New Jersey alimony awards are intended to allow divorcing couples to maintain their current lifestyle and assist a spouse who is working toward financial independence. Not all divorces include alimony, but for those that do, the type of alimony, the amount of alimony, and the duration of time that alimony is to be awarded are important factors for both spouses. An experienced South Jersey divorce lawyer can ensure that each spouse gets a fair deal.
New Jersey identifies five types of alimony, each specific to the needs and abilities of the divorcing couple. The five types of alimony can be used singularly, or in combination with each other.
- Limited Duration Alimony: When a spouse is working toward financial independence, this type of alimony is based on the financial needs of that spouse and continued until the time that independence is achieved.
- Pendente Lite or Temporary Alimony: This type of alimony is used to help an underemployed or unemployed spouse maintain their standard of living during the divorce proceedings.
- Permanent Alimony: Permanent alimony is awarded to a spouse that has sacrificed their career or education in order for the other spouse to pursue or develop their education or career.
- Rehabilitative Alimony: This type of alimony is awarded to a spouse that is pursuing training or education necessary to become financially self supporting. The spouse that requests this type of alimony must provide the court with a rehabilitation plan that includes specific rehabilitative services, a predicted time frame to implement the plan, and the length of employment necessary to establish financial independence.
- Reimbursement Alimony: Sometimes a divorce will occur after a spouse has invested time and marital finances in the advanced education of the other spouse. When the divorce occurs before the advantages of the sacrifice are available, the spouse may be entitled to reimbursement alimony.
New Jersey has no specific formula used to decide alimony awards, but careful consideration is given to some very specific factors. First and foremost, the judge considers the length of the marriage, the ages and health of each person, and the financial needs of one spouse in relation to the ability to pay by the other spouse. The judge must also look at each spouse’s education level and potential earning capacity, the income of each spouse, and the standard of living that the couple enjoyed during the marriage.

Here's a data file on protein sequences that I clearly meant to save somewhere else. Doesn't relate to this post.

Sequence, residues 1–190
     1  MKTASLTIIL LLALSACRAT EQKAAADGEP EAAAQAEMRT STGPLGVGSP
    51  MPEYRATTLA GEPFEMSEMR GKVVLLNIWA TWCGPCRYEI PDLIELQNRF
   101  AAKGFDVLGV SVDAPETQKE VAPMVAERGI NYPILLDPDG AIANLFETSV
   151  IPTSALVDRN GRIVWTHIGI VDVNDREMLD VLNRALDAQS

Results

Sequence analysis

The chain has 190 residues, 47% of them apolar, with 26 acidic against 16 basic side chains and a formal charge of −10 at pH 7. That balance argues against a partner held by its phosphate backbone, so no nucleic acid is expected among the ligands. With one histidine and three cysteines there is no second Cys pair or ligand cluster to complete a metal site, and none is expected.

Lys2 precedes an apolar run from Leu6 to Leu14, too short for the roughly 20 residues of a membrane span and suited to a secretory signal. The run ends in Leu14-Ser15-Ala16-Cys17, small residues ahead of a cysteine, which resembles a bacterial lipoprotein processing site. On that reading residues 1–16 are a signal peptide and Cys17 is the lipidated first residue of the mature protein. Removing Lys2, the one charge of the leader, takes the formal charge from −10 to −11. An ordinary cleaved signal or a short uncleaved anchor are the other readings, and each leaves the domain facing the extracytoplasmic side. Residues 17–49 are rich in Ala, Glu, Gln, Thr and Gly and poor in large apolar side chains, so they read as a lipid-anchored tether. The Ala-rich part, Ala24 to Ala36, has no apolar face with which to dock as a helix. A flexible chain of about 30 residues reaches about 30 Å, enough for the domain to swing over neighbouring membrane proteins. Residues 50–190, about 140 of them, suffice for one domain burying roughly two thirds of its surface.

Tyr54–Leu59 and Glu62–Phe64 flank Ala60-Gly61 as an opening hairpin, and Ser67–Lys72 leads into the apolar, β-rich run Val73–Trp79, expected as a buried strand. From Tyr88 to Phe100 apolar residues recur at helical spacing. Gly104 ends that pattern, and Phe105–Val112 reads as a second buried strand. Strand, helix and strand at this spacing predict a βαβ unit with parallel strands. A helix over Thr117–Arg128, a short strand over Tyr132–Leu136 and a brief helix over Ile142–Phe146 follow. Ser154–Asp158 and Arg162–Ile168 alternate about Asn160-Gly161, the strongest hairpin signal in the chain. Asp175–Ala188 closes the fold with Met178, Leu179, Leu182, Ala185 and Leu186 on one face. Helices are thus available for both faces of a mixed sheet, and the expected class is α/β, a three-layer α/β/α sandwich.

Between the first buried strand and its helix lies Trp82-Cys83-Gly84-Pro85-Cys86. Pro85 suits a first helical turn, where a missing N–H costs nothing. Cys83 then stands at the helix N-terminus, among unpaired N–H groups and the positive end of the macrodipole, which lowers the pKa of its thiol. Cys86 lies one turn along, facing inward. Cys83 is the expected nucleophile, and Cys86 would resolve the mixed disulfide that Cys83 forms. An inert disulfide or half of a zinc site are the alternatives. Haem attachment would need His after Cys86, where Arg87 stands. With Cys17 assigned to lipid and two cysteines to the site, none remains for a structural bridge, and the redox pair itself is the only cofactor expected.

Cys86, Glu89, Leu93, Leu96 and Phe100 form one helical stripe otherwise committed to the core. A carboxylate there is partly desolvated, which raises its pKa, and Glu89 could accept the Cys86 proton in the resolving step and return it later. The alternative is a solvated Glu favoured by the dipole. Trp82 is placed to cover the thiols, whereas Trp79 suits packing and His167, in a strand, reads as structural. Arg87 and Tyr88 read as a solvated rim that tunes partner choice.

Moreover, a family court considers the parental responsibilities of each parent, the financial and personal offerings each partner contributed during the marriage, and what time frame and financial resources will be needed for the dependent spouse to reach financial independence. Changes that occur in the circumstances stipulated in the alimony arrangement can lead to modifications or termination of alimony. Factors including remarriage, a change in employment status or income, or circumstances that prevented the completion of the rehabilitation of a spouse within the expected time frame can initiate a reassessment of the award.
Remarriage is the most common factor necessitating a modification or termination of limited duration and permanent alimony awards. Rehabilitative and reimbursement alimony awards are not affected by remarriage. In the event of the death of either spouse, the alimony awards are terminated. Alimony payments are tax deductible for the providing spouse and must be reported as income by the receiving spouse. Lawyer fees and court costs are most often assumed by the providing spouse.